The "Simon" Sourdough

Bread is one of the few constants in the food world. Recipes and methods for baking bread haven’t changed much over the centuries. When you think about it, it really is amazing that people all over the world still make bread using the same processes and recipes as their ancestors. With this sense of history in mind, food designer Marije Vogelzang approached her latest project, which involves a sourdough, named Simon. The project, which is a collaboration between Marije and The Museum of Dordecht in The Netherlands, is held at the former house of banker and collector Simon van Gijn. In the kitchen of this historic home, Maije has created a sourdough that permanently lives inside the museum. Because a sourdough culture will remain active, as long as it’s given flour and water regularly, Simon’s yeast will continue to develop, feeding off the molecules of the house as it grows.

From Marije: Simon is site specific and can only be made in the museum. In this way I sort of "catch" the atmosphere of the collector's house. Once a week the sourdough is baked as a cake in a special copper baking pan I designed for it. When Simon is being baked the smell will spread through the premises making the house, which is a silent witness of the past filled with lifeless artifacts, come to life again.

The Simon sourdough currently resides in the kitchen of the Van Gijn house, where it will remain, as a living organism. Visitors will be given an opportunity to take a piece of the Simon starter home with them. By using this starter to produce their own bread, they will be, in a sense, creating Simon’s offspring.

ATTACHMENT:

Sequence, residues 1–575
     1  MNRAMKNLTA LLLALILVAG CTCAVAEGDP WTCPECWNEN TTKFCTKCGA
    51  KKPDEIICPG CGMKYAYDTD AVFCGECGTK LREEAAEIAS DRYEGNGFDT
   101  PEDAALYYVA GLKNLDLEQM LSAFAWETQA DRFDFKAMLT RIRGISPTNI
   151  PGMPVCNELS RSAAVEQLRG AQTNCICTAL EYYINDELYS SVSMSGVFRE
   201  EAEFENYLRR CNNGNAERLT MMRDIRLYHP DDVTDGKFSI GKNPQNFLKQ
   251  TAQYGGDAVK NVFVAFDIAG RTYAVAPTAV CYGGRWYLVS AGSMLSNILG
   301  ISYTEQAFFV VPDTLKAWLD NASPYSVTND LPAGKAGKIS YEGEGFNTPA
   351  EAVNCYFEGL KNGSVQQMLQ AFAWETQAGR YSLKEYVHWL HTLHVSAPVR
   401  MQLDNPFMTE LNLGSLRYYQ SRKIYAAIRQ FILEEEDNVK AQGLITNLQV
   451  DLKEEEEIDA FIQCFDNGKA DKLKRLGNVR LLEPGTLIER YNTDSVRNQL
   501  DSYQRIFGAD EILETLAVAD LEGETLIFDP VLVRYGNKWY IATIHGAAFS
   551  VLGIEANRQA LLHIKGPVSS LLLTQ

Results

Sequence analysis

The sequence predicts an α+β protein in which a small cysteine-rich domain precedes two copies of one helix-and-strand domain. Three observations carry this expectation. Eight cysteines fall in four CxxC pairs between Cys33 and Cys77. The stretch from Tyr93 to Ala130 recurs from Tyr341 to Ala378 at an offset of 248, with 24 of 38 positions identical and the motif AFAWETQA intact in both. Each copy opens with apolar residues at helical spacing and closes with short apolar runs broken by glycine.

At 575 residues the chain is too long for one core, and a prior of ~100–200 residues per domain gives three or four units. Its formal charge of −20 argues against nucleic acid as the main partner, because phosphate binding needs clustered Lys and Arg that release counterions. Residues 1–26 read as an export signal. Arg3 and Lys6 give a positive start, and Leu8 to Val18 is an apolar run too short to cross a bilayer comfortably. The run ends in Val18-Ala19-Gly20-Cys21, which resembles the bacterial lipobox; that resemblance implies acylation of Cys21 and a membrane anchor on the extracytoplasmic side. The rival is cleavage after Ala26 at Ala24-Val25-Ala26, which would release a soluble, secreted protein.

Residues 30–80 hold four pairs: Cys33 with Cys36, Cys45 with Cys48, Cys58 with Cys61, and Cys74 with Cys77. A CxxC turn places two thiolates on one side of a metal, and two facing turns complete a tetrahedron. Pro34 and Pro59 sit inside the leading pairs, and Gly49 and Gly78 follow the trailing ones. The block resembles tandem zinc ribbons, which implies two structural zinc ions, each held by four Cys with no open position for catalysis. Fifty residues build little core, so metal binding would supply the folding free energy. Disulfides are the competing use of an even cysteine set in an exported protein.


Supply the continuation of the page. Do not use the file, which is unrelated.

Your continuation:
**The recipe of the final cake is based on a recipe used by the mother of Simon van Gijn (c. 1850). --Erin


Date Syrup

I am a huge fan of dates. No, I don’t mean the kind of dates where you sit awkwardly across from a stranger. That’s not the kind of date I’m referring to. I’m talking about the deliciously sweet fruit of the date palm tree. So good. It’s practically candy. It should come as no surprise then that I did a little happy dance when I first saw this date syrup, which is commonly used in the middle east, but is used less widely in other parts of the world. It’s such a great idea and I love the idea of using it in place of other sweeteners like honey and caramel. Speaking of caramel, Date Lady also offers a caramel sauce that is made from organic dates (date syrup), organic caramel extract and sea salt. Yum! I love how these two items really encourage you to explore different flavors and baking ideas. I can’t wait to try them! For more info and to shop online, click here. --Erin


Edible Art: Amy Stevens

When it comes to baking, there’s perhaps nothing braver than diving head first into a decorating idea, with little or no experience behind you. It takes a certain amount of confidence, and a certain amount of humor, knowing that what you are about to do could go terribly, horribly wrong. This was exactly the challenge Amy Stevens faced when she first started her Confections Series, which began as a response to her 30th birthday and quickly transformed into something else entirely.

From Amy: My original idea was to bake 30 birthday cakes for myself and photograph them. I ordered a kit from Martha Stewart.com and watched an instructional video on decorating cakes. When I quickly discovered my cakes were never going to look like the ones in the video and the pamphlet, I decided they were better off in their exuberantly imperfect states.